2. Evolution of programming 011111110100010101001100010001100000000100000010000000010000000000000000000000 000000000000000000000000000000000000000000000000000000000000000001000000000000 001000000000000000000000000000000001000000000000000000000000000000000000000000 000000000000000000000000000000000000000000001010000100000000000000000000000000 000000000000000000110100000000000000000000000000000000000000000000101000000000 000000100000000000000000010000000000101110011100110110100001110011011101000111 001001110100011000010110001000000000001011100111010001100101011110000111010000 000000001011100111001001101111011001000110000101110100011000010000000000101110 011100110111100101101101011101000110000101100010000000000010111001110011011101 000111001001110100011000010110001000000000001011100111001001100101011011000110 000100101110011101000110010101111000011101000000000000101110011000110110111101 101101011011010110010101101110011101000000000000000000000000000000000010011101 111000111011111110010000000100110000000000000000000000001001000000010010011000 000000000000010101000000000000000000000000100100100001001010100000000000000100 000000000000000000000000000000000001000000000000000000000000101000000001000000 000000000010001001000000010000000000000001000000010101000000000000000000000000 100100100001001010100000000000000100000000000000000000000000000000000001000000 000000000000000000101100000001000000000000000100001000000000000000000000100000 000100000000000000000000000010000001110001111110000000001000100000011110100000 000000000000000000000000000000000000000000000001001000011001010110110001101100 011011110111011101101111011100100110110001100100001000010000000000000000000000 000000000000000000000000000000000000000001000000000000000000000000000000000000 000000000000000000000000000000000100000000001111111111110001000000000000000000 000000000000010000000000000000000000000000000000000000000000000000000000000000 000001000000000011111111111100010000000000000000000000000000000000000000000000 000000000000000000000000000000000000000000000000000000001100000000000000000000 001100000000000000000000000000000000000000000000000000000000000000000000000000 000000000000000000000000000000000000000000010000000000000000000000000000000000 000000000000000000000000000000000000000000000000000000000000000000000110000000 000000000000000100000000000000000000000000001101000000000000000000000000000000 000000000000000000000000000000000000001000000000000000000000000000000000000000 000000000000000100010000000000000000000000000000000000000000000000000000000000 000000000010000000000000000000000000000000000000000000000000000010001100000000 000000000000000000000000000000000000000000000000000000000000100000000000000000 000000000000000000000000000000000000101100000000000000000000000000000000000000 000000000000000000000000000000001000000000000000000000000000000000000000000000 000000001101001000000000000000000000000000000000000000000000000000000000100100 000010010000000000000000000000010000000000000000000000000011011100000000000000 000000000000000000000000000000000000000000000000000000100000000000000000000000 000000000000001101000011001010110110001101100011011110010111001100011011100000 111000000000000011001110110001101100011001100100101111101100011011011110110110 101110000011010010110110001100101011001000010111000000000010111110101000101011 111011100010111010001101111011001000000000001011111010111110110110001110011010 111110101111100110111011011110111001101110100011100100110010101100001011011010 101000001000110010100100011011101101111011100110111010001110010011001010110000 101101101010111110101001000110111011011110111001101110100011100100110010101100 001011011010000000001011111010111110110110001110011010111110101111100110111011 011110111001101110100011100100110010101100001011011010101000001000011011000110 000000001100101011011100110010001101100010111110101111101000110010100100011011 101101111011100110111010001110010011001010110000101101101000000000110110101100 001011010010110111000000000011000110110111101110101011101000000000000000000000 000000000000000000000000000000000000000000000000000000 • first computers (e.g., ENIAC) were not programmable • had to be rewired/reconfigured for different computations • late 40’s / early 50’s: coded directly in machine language • extremely tedious and error prone • machine specific • used numeric codes, absolute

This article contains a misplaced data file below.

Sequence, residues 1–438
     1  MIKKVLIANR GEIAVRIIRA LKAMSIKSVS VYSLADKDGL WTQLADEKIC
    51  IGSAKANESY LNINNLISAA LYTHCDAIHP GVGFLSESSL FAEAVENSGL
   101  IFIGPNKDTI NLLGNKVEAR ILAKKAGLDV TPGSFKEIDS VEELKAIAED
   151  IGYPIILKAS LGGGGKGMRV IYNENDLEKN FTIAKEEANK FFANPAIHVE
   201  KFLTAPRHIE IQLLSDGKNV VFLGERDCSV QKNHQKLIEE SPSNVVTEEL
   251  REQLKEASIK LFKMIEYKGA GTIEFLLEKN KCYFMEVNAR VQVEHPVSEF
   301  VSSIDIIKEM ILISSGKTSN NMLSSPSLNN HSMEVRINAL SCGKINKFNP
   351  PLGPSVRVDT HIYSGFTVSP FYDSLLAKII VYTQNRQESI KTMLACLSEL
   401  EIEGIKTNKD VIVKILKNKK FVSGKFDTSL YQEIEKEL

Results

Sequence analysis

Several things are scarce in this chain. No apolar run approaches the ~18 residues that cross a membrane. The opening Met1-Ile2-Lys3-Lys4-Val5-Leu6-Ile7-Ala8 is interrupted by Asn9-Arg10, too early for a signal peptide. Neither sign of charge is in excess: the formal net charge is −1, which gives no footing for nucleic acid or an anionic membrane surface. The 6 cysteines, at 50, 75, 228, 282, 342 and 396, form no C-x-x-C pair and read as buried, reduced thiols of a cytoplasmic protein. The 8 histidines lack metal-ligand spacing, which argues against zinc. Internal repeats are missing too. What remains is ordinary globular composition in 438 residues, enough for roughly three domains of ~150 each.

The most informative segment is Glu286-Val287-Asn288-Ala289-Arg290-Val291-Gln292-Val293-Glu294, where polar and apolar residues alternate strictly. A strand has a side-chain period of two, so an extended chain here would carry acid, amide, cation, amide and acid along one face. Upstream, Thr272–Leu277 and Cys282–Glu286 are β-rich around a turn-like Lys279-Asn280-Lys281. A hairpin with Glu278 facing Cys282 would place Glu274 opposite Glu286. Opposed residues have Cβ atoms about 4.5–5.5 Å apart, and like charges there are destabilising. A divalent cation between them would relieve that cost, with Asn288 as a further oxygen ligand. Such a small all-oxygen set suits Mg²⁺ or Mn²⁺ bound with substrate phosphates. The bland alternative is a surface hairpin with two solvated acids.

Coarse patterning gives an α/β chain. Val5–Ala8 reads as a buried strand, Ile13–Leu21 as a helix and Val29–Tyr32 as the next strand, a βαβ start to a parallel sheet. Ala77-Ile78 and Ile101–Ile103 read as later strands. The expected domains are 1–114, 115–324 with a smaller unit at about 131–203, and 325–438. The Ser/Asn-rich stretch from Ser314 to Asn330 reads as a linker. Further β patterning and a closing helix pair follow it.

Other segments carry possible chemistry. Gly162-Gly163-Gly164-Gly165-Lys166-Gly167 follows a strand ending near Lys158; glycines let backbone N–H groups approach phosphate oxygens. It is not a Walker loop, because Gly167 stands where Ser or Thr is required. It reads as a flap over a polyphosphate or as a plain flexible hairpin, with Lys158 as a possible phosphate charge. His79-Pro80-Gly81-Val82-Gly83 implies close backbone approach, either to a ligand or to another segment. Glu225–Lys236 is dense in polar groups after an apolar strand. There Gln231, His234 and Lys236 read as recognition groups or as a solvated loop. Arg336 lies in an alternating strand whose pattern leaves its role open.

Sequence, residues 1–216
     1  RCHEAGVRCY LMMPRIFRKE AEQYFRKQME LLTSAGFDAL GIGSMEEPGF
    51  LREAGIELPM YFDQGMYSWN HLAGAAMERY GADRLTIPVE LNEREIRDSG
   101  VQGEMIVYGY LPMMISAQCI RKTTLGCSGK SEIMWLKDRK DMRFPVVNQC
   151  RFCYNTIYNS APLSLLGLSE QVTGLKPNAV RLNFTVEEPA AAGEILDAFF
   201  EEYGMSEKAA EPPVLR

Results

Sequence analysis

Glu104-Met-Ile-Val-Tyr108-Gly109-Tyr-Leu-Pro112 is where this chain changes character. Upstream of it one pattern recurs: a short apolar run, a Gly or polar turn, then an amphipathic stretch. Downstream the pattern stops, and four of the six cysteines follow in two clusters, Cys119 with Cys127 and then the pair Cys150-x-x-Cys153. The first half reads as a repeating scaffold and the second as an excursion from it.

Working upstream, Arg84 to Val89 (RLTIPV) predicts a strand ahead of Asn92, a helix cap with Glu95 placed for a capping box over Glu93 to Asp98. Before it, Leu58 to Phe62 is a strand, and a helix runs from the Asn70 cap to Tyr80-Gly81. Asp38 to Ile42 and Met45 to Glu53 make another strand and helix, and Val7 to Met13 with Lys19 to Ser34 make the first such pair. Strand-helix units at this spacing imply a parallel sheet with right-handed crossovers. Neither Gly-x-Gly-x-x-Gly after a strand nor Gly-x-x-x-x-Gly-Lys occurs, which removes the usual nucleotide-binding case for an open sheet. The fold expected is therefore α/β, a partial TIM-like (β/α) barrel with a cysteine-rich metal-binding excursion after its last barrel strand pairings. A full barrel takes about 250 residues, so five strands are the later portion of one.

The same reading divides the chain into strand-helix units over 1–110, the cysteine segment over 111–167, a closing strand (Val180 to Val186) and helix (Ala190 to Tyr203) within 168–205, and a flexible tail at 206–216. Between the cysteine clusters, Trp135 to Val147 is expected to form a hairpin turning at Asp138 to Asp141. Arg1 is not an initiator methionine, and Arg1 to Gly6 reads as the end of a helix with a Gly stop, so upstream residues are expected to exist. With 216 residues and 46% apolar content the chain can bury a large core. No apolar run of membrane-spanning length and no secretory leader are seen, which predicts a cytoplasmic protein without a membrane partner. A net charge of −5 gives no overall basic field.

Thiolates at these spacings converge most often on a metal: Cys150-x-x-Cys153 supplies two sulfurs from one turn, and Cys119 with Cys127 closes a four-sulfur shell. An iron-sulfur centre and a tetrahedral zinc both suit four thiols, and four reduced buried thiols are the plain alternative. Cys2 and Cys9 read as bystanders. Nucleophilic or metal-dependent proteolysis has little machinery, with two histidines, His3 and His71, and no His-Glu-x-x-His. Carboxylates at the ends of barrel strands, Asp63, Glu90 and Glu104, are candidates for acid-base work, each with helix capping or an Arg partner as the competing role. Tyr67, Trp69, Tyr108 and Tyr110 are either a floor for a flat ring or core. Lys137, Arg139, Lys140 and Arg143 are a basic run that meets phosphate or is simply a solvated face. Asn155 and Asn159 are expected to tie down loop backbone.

3. Evolution of programming (cont.) .file "hello.cpp" gcc2_compiled.: .global _Q_qtod .section ".rodata" .align 8 .LLC0: .asciz "Hello world!" .section ".text" .align 4 .global main .type main,#function .proc 04 main: !#PROLOGUE# 0 save %sp,-112,%sp !#PROLOGUE# 1 sethi %hi(cout),%o1 or %o1,%lo(cout),%o0 sethi %hi(.LLC0),%o2 or %o2,%lo(.LLC0),%o1 call __ls__7ostreamPCc,0 nop mov %o0,%l0 mov %l0,%o0 sethi %hi(endl__FR7ostream),%o2 or %o2,%lo(endl__FR7ostream),%o1 call __ls__7ostreamPFR7ostream_R7ostream,0 nop mov 0,%i0 b .LL230 nop .LL230: ret restore .LLfe1: .size main,.LLfe1-main .ident "GCC: (GNU) 2.7.2" • mid 1950’s: assembly languages developed • mnemonic names replaced numeric codes • relative addressing via names and labels a separate program (assembler) translated from assembly code to machine code • still machine specific, low-level